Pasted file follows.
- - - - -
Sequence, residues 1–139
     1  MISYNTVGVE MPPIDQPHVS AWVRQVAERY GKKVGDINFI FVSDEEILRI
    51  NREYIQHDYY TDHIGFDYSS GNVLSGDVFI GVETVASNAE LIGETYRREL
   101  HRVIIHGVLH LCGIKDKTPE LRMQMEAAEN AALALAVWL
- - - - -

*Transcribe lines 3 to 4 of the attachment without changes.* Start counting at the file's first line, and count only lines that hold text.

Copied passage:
    51  NREYIQHDYY TDHIGFDYSS GNVLSGDVFI GVETVASNAE LIGETYRREL
   101  HRVIIHGVLH LCGIKDKTPE LRMQMEAAEN AALALAVWL